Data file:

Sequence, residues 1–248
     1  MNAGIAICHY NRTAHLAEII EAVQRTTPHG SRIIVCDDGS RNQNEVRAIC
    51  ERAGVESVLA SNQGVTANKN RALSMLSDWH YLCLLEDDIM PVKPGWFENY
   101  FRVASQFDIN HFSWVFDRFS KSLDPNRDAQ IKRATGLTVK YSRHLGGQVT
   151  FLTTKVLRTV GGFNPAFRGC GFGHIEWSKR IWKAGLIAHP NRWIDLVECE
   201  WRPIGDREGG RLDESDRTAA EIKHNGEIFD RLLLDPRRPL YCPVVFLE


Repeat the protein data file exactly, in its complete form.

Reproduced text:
Sequence, residues 1–248
     1  MNAGIAICHY NRTAHLAEII EAVQRTTPHG SRIIVCDDGS RNQNEVRAIC
    51  ERAGVESVLA SNQGVTANKN RALSMLSDWH YLCLLEDDIM PVKPGWFENY
   101  FRVASQFDIN HFSWVFDRFS KSLDPNRDAQ IKRATGLTVK YSRHLGGQVT
   151  FLTTKVLRTV GGFNPAFRGC GFGHIEWSKR IWKAGLIAHP NRWIDLVECE
   201  WRPIGDREGG RLDESDRTAA EIKHNGEIFD RLLLDPRRPL YCPVVFLE